22 November 1996

Dairy herds need improved health care

MORE effective disease treatments and better schemes of preventative health are needed for dairy cattle.

That is the conclusion of a report in the Veterinary Record, Nov 16, 1996, which examines disease incidence and health in 90 Friesian Holstein herds in England.

According to the report, the average incidence of mastitis in the herds surveyed was 33.2 cases per 100 cows, while the average proportion of the herd affected by mastitis was 20.6%.

Lameness affected 17% of cows in the 90 herds, with an overall incidence of 24 cases per 100 cows. Buit the incidence in the best quarter was only 4.7 cases/100 cows, compared with 47.4 cases/100 cows in the worst quarter of herds.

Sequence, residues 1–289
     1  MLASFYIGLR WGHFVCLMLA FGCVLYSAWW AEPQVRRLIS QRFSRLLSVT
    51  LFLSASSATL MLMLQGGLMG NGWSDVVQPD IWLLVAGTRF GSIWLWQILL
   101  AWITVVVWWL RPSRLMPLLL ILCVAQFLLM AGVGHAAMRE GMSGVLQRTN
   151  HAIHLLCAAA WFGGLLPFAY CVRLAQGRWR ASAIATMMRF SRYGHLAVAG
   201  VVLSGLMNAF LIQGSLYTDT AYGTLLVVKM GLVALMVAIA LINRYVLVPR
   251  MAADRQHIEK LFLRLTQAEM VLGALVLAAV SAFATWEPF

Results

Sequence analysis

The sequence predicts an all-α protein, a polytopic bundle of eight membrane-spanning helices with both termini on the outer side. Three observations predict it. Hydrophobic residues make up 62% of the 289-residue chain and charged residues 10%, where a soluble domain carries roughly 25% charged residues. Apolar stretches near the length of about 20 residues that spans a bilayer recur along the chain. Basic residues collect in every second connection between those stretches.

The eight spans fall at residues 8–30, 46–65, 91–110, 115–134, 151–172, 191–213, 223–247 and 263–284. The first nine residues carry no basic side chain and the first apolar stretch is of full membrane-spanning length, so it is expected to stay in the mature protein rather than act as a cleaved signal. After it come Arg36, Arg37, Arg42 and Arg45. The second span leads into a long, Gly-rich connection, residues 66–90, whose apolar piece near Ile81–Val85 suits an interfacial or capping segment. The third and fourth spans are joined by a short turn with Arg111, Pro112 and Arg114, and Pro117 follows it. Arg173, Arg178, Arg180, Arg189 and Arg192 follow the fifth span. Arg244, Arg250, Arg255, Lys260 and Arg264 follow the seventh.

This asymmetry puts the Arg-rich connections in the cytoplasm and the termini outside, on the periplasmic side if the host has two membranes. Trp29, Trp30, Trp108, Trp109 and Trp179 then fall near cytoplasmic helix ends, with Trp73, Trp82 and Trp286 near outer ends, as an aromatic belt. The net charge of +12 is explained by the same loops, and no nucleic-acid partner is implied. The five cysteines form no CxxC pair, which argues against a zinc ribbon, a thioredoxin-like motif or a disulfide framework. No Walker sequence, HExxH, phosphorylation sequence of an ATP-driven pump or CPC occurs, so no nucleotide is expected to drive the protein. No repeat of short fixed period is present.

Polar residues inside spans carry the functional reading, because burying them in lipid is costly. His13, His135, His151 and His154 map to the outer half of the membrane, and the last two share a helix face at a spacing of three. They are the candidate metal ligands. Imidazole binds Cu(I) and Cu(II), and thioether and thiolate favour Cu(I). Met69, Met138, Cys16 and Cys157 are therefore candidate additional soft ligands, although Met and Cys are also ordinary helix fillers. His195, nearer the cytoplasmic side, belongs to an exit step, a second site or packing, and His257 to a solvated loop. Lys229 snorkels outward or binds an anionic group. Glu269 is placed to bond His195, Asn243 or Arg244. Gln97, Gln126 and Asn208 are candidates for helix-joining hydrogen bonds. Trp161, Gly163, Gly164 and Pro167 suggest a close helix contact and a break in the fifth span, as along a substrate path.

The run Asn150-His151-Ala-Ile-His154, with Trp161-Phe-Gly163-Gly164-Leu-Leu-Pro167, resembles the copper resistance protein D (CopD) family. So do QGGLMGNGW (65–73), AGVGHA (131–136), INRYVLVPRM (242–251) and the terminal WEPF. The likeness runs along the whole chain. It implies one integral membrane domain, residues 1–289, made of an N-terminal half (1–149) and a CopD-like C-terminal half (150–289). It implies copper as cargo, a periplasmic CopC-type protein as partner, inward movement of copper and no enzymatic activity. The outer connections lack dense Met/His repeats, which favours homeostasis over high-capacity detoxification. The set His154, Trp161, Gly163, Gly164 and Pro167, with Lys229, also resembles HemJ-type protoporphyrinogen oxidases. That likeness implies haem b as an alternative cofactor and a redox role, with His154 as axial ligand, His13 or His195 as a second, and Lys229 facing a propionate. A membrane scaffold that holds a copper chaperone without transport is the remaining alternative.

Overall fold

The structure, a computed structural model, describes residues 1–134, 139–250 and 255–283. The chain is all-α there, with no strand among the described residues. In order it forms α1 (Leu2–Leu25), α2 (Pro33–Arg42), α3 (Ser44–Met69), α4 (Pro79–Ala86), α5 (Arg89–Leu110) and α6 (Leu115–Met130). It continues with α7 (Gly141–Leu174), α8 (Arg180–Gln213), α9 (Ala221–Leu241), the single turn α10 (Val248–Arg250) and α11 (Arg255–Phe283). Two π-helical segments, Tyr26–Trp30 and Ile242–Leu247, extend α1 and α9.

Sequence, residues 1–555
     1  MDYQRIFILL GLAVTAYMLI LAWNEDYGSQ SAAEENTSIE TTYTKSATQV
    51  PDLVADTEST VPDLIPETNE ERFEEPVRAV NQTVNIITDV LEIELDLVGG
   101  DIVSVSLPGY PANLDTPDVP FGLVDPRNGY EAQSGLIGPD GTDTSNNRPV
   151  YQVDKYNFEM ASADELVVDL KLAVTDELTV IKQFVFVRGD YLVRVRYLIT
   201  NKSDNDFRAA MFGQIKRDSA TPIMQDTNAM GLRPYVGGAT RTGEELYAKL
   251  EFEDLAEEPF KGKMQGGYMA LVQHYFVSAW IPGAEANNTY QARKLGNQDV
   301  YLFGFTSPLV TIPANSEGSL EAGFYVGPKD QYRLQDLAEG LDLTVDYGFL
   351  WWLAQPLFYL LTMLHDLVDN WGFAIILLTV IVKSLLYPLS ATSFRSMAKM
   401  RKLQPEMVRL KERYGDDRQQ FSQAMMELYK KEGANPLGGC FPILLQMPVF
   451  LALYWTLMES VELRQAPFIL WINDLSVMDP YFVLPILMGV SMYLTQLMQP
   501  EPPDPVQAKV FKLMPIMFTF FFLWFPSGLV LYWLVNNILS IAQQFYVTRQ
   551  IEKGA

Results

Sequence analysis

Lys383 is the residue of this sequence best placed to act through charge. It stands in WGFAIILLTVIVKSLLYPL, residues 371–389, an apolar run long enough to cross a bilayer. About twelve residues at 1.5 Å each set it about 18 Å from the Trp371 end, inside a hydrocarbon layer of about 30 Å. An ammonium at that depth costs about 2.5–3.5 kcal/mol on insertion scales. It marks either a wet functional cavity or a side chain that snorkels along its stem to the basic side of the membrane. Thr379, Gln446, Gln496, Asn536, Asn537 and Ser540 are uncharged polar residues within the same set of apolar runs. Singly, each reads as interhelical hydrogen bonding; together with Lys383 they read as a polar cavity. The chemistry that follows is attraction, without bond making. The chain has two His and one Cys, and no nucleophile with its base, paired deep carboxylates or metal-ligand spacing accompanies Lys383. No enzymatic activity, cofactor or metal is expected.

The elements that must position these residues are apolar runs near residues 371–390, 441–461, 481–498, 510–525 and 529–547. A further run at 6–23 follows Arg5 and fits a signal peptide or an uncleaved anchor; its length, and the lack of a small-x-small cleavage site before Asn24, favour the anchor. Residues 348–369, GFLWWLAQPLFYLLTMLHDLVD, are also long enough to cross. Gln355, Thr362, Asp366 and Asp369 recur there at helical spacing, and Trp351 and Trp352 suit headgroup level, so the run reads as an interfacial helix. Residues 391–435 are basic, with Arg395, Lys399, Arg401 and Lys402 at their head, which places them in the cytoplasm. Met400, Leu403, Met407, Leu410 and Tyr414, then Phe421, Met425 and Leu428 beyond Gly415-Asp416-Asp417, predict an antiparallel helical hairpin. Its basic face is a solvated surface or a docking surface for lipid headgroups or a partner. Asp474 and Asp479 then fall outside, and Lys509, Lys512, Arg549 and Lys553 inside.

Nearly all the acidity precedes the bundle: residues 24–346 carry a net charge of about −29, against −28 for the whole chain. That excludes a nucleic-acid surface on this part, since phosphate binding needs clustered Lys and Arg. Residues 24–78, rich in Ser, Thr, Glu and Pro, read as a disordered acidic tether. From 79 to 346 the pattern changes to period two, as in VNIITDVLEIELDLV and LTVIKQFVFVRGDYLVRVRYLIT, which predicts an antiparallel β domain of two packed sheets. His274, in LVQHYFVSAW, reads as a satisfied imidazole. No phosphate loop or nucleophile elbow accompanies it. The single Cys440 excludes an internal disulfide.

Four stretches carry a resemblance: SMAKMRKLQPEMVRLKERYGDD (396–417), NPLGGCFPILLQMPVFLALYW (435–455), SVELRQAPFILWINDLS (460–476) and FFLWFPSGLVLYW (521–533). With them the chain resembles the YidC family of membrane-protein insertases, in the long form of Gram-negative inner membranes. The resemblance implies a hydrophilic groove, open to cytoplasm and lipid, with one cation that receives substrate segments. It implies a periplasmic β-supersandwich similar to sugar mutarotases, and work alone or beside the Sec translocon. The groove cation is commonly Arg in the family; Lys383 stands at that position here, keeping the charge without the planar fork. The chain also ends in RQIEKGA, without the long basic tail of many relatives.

The number of cows where heat was not detected also differed significantly, according to the report. On average, 33.6% of cows were treated using a PRID or coil. While the best quarter of herds received 16.9 treatments/100 cows, the worst received 74.5 treatments. And 10% of herds, required more than 90 treatments/100 cows.

Calf mortality varied from only 1% in some herds, but reached 20% in others, averaging 7.8% across the 90 herds. At calving, average incidence of aid was 8.7%, but ranged between herds from 0.6% to 27.5%, says the report. &#42